Archive for December 29, 2017

It Was “Just Stress”

Zen stone reflectionIn my last message, I told you about being hospitalized with what seemed to be a stroke-related episode. At least, that’s what the doctors and nurses told me. Granted, it seemed peculiar that all the imaging of my heart and brain revealed no damage as a result of that scary event.

Over the phone, I got a different diagnosis from my husband Harvey, a psychiatrist who specialized in trauma until his retirement. (He and I are separated, but on good terms.) His conclusion was that I was suffering from hyperventilation syndrome as a result of many months of tension and lack of exercise. That really fit for me. For months my muscles had been hot and tight with tension. But never mind, I was bent on my goal of driving to Arizona for the winter.

How ironic, though, that I, a former yoga teacher and trauma therapist who taught thousands of others how to relax, should now be overwhelmed by stress-related physical symptoms. All I can say is that we humans usually teach what we most need ourselves. It was anxiety (or fear, as I see it) resulting from childhood trauma that led me to a serious practice of yoga when I was in my thirties. I have a deep and personal appreciation of the role of fear and the resulting damage to our well-being.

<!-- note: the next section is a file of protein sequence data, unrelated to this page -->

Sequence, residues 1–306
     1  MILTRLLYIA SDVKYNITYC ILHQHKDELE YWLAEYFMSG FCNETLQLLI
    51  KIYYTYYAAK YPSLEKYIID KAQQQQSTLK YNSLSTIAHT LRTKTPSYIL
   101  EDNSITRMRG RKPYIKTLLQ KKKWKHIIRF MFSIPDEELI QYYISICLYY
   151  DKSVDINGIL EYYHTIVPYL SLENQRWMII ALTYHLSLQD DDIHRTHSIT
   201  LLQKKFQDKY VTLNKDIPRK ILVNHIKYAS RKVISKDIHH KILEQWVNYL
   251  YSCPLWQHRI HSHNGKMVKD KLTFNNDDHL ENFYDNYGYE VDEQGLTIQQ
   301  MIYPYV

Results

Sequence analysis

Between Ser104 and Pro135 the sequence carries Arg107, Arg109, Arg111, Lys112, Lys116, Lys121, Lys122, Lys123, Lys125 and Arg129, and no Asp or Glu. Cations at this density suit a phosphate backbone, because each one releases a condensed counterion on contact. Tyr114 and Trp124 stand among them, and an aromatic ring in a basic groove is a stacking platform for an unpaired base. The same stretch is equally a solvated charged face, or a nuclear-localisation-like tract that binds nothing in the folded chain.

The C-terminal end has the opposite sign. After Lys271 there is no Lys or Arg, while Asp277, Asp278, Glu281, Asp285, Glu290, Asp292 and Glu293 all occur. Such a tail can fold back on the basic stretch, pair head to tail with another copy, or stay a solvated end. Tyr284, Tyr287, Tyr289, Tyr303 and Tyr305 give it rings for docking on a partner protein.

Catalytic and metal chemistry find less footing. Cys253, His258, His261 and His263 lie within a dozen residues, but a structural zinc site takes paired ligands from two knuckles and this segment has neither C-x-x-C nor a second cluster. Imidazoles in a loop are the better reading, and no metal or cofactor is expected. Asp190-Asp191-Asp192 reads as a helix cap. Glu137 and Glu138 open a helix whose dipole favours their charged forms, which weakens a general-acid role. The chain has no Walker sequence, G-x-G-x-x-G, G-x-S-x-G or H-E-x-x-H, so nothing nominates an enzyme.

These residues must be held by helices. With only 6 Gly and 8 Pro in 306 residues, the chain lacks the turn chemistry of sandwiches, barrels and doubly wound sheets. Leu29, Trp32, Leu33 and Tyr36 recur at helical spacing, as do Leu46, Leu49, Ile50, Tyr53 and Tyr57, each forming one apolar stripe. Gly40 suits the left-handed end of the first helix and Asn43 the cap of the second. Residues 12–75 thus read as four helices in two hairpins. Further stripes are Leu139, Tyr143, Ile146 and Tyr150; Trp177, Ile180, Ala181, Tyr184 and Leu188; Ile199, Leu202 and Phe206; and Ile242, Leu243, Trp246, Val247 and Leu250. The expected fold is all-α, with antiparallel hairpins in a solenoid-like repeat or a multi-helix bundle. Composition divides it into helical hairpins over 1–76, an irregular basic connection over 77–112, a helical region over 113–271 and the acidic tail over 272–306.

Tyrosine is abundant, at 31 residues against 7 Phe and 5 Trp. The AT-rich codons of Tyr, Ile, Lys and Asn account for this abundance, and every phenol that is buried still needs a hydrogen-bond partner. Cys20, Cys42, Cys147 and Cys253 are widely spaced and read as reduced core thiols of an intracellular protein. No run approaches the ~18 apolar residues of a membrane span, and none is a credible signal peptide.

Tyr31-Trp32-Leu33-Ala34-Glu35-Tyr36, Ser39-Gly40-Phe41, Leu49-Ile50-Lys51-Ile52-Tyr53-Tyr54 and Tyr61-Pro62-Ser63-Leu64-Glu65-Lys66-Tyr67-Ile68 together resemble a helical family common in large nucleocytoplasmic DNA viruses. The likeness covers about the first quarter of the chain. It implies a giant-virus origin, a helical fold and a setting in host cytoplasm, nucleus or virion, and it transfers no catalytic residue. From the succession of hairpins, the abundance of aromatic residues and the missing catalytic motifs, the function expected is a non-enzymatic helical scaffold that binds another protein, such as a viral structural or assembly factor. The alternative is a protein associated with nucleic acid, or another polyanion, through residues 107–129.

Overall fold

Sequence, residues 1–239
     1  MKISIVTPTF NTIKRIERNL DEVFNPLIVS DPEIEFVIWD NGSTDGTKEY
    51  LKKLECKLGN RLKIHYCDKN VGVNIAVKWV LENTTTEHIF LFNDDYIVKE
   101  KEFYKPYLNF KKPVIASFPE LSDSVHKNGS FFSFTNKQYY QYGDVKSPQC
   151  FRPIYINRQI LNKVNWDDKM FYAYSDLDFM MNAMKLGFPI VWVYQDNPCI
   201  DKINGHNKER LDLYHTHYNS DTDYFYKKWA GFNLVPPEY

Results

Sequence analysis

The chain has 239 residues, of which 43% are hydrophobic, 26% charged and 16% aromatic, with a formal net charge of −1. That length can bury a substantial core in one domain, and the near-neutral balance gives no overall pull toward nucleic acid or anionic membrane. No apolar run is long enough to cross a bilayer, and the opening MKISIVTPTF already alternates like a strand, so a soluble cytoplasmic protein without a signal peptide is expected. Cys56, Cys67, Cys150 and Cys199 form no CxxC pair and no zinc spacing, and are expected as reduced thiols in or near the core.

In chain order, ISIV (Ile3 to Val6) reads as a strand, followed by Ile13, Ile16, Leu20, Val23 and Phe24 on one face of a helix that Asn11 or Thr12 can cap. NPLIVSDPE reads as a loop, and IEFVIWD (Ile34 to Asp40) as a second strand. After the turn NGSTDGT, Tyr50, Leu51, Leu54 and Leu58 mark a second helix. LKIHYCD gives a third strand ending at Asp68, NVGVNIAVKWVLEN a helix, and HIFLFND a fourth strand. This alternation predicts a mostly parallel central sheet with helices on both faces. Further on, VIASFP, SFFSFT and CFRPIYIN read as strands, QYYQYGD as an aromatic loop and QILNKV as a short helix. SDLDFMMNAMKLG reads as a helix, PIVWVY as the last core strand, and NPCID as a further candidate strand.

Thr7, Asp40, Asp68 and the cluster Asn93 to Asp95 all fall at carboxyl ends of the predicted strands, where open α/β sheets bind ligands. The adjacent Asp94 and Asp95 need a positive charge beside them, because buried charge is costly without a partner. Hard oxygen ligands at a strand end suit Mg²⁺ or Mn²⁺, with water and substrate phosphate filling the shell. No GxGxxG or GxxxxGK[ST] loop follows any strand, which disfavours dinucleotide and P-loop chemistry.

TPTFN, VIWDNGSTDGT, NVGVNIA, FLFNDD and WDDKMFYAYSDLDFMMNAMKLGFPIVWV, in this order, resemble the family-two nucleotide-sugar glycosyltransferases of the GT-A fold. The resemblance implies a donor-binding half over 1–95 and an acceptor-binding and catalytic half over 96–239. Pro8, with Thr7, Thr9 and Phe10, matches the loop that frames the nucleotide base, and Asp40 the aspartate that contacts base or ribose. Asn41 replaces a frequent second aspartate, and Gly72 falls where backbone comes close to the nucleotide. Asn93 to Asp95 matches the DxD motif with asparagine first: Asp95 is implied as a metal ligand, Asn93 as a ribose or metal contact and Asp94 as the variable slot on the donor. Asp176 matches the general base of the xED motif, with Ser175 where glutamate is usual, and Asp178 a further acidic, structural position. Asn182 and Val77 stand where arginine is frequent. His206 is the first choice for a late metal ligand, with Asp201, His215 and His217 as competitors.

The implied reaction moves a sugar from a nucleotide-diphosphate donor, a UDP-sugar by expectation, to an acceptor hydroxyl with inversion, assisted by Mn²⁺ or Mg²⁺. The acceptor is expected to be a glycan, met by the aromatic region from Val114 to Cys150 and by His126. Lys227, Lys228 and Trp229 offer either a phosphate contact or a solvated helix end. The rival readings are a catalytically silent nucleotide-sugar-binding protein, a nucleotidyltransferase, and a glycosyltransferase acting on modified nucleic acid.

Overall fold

Somehow, recently, with moving to Arizona for the winter and numerous other stressors, I neglected my routine yoga practice. Focusing and cardio workouts were also set aside. I’m on a journey to discover my biggest Self and to take charge of my own life. That often means taking on stressors I would not otherwise encounter.

My message to myself? If I’m going to go on this journey of independence and taking charge of my own life, I need to take stress reduction very seriously.

Just today I was listening to a podcast of Elizabeth Gilbert about women who never got the message that their lives belong to them. She spoke of the importance of honouring your own life. If you refuse to answer the call to do what you need to do, she says, you atrophy. I like to think of myself on a hero’s journey with the classical unfolding of events: the challenge, the fear of accepting the challenge, the setting out on the journey, meeting countless challenges and – I hope – finally emerging as the individual I am meant to be.

Maybe, I tell myself, I’m taking this whole journey idea too seriously. Then a scene from my childhood comes to mind. I recall how, when I was in public school, I used to race home at lunchtime to listen to the soap opera Helen Trent. The very serious music would come on and the announcer would say: “Helen Trent is a woman who will not let life pass her by because she is over forty,” to which my mother would sigh, “Oh dear. If only Helen would let some life pass her by, she’d be much happier.” Maybe she was right.

What do you think?

Far Away From Home

DSCF5595It started out like any other morning. I got out of bed, pulled on my dressing gown and settled in for morning meditation. Then, as always, I had a breakfast of fruit, yoghurt and a bit of cereal.